Attorney-at-Law

PROVIDING FOR THE GENERAL WELFARE

In Uncategorized on 07/14/2011 at 16:41

Or, Drafting the Credit Shelter Trust

 Hints for drafters of credit shelter trusts (those designed to remove all non-taxable assets from an estate and pass them on to the heirs) are always useful, and some good ones can be found in Estate of Ann R. Chancellor, 2011 T.C. Mem. 172, filed 7/14/11.

Ann’s husband Lester predeceased her, creating through his will a trust wherein he placed all non-taxable assets, to the maximum amount permitted by law (the so-called unified credit). Judge Thornton takes up the story: “Under the terms of the trust as stated in the will, during decedent’s lifetime the cotrustees were authorized to apportion trust income among decedent, Mr. Chancellor’s children, and Mr. Chancellor’s grandchildren (the beneficiaries) ‘in accordance with their respective needs.’ The cotrustees were also given the right and power to invade the corpus of the trust and to use such part thereof and if necessary, all of it, for the necessary maintenance, education, health care, sustenance, welfare or other appropriate expenditures needed by * * * [Mr. Chancellor’s] wife and the other beneficiaries of this trust taking into consideration the standard of living to which they are accustomed and any income available to them from other sources.’” 2011 T.C. Mem. 172, at p. 2.

Ann’s 706 didn’t mention the trust assets. IRS said she had a general power of appointment over the trust corpus, so they should have been included, and assessed a deficiency.

No question that this is a power of appointment, as Ann could have directed the trust corpus to herself or the kids and grandkids. But the Section 2041(b)(1)(A) exception saves a general power if it is “limited by an ascertainable standard relating to the health, education, support, or maintenance of the decedent”.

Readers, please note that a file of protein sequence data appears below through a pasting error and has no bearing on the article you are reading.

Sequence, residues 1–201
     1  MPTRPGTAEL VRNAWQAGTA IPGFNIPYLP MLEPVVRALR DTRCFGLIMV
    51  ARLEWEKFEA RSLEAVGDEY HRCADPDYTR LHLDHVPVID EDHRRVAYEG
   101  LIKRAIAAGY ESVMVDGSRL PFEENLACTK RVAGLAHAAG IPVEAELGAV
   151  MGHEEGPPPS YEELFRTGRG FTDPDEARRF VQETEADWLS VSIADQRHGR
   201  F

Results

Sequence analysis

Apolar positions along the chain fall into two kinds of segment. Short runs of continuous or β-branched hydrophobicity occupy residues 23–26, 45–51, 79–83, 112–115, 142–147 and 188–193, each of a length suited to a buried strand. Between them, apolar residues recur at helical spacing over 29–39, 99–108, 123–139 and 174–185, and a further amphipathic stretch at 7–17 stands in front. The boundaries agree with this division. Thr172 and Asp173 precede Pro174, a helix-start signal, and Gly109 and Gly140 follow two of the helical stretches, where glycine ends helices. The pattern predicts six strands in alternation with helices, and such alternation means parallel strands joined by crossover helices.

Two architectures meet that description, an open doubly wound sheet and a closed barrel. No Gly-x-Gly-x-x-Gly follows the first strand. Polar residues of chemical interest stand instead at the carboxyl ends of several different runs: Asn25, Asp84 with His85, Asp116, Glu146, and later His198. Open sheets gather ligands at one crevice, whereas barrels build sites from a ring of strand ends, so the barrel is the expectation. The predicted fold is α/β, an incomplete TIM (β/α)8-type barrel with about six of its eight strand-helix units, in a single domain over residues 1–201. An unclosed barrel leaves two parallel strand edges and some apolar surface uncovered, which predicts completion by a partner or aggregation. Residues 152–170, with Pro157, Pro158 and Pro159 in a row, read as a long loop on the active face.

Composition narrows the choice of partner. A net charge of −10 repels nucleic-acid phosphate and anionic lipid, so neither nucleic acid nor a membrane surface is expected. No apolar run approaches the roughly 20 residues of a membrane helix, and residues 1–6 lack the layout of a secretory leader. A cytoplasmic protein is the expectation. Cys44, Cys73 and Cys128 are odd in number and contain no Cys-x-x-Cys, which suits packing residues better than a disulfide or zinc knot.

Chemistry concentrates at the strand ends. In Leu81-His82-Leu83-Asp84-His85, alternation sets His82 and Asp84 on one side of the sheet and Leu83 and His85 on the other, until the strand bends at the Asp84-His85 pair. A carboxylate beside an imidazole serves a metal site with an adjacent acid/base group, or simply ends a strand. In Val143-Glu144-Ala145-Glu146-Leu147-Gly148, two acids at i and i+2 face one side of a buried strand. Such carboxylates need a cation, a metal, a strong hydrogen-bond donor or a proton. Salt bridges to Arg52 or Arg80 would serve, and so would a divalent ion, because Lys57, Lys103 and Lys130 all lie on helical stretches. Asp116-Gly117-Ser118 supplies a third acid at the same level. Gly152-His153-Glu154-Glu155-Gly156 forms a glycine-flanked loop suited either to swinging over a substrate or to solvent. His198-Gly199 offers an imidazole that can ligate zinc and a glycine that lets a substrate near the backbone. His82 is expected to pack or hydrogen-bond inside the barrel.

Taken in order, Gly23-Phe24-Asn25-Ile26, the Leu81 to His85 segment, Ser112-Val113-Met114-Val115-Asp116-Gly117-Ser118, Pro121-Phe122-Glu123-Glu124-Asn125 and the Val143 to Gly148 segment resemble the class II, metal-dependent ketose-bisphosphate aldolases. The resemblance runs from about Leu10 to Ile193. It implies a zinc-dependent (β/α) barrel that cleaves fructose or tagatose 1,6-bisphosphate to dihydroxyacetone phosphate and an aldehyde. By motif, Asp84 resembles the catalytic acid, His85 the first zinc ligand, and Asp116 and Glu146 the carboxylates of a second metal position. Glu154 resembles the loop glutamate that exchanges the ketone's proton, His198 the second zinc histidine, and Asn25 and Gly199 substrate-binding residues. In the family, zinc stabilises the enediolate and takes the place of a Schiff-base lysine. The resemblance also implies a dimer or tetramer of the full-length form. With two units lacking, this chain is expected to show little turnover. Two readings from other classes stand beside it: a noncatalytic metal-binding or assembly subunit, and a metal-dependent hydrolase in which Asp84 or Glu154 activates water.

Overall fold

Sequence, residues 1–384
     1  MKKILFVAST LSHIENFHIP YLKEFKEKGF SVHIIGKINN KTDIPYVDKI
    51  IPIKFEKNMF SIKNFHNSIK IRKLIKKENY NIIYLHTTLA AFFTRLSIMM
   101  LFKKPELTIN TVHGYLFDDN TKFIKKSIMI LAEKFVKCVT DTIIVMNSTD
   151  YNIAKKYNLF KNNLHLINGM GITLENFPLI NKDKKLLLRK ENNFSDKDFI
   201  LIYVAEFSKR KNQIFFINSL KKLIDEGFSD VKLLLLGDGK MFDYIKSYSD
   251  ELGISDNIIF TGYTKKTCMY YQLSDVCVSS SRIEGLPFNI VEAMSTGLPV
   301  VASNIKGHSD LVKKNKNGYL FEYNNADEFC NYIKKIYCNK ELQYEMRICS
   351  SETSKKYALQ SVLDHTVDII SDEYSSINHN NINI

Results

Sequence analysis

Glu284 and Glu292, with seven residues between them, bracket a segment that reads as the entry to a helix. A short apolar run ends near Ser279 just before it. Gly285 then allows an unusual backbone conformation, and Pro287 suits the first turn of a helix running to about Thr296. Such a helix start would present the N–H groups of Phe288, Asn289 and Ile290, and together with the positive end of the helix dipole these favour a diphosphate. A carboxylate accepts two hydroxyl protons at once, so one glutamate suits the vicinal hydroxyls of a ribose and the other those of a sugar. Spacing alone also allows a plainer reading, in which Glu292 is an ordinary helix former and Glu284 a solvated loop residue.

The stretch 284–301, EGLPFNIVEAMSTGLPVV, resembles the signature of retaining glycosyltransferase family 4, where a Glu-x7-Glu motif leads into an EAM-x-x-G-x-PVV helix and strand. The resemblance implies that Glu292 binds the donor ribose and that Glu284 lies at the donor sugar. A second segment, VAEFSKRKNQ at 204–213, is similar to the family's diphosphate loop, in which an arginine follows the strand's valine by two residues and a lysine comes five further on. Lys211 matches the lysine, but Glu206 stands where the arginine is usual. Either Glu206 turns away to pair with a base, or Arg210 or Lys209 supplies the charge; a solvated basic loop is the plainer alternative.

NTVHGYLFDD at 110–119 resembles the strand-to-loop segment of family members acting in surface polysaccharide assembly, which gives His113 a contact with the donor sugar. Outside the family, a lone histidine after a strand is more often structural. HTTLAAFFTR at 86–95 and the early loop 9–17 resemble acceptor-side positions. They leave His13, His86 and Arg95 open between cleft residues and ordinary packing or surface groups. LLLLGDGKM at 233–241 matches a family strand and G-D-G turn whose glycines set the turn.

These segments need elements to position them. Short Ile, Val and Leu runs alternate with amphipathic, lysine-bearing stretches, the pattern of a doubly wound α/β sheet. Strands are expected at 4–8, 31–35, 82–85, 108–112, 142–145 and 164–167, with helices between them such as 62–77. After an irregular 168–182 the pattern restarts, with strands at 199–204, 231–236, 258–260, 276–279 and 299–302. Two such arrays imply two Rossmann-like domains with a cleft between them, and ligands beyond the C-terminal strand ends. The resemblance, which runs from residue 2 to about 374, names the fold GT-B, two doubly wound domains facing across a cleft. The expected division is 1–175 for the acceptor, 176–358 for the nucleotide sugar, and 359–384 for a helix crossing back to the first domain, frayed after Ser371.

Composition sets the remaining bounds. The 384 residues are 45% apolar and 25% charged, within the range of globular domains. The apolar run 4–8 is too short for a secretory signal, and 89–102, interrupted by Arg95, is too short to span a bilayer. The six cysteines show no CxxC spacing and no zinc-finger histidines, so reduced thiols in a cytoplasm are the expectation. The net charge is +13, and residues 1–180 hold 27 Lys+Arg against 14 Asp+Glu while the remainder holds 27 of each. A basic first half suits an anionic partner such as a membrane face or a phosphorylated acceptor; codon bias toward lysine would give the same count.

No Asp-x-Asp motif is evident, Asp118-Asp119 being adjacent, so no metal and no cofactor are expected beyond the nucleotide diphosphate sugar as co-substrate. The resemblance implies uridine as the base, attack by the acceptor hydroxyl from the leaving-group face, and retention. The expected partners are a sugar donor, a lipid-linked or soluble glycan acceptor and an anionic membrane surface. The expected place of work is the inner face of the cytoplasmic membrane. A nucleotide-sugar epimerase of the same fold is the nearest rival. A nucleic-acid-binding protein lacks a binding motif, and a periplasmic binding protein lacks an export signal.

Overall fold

So we have a two-part test:  “ascertainable standard”,  and “relating to health, education, support or maintenance”.

Lester’s estate plan passes both tests. First, IRS concedes that the “taking into consideration the standard of living to which * * * [the will beneficiaries] are accustomed” satisfies the ascertainable standard test. “Accustomed standard of living” has gotten around the Section 2041(b) slalom for years.

Now for the “relating to the health, education, support, or maintenance” test. IRS says the “welfare or other appropriate expenditures” language flunks the test–too broad. Not so, says Judge Thornton: “maintenance and sustenance” are not restricted to the bare necessities of life. And the “welfare or other appropriate expenditures” language is limited by “taking into consideration the standard of living to which they are accustomed”.

So Ann’s estate is off the hook. And drafters of credit shelter trusts have another phrase for their form files.

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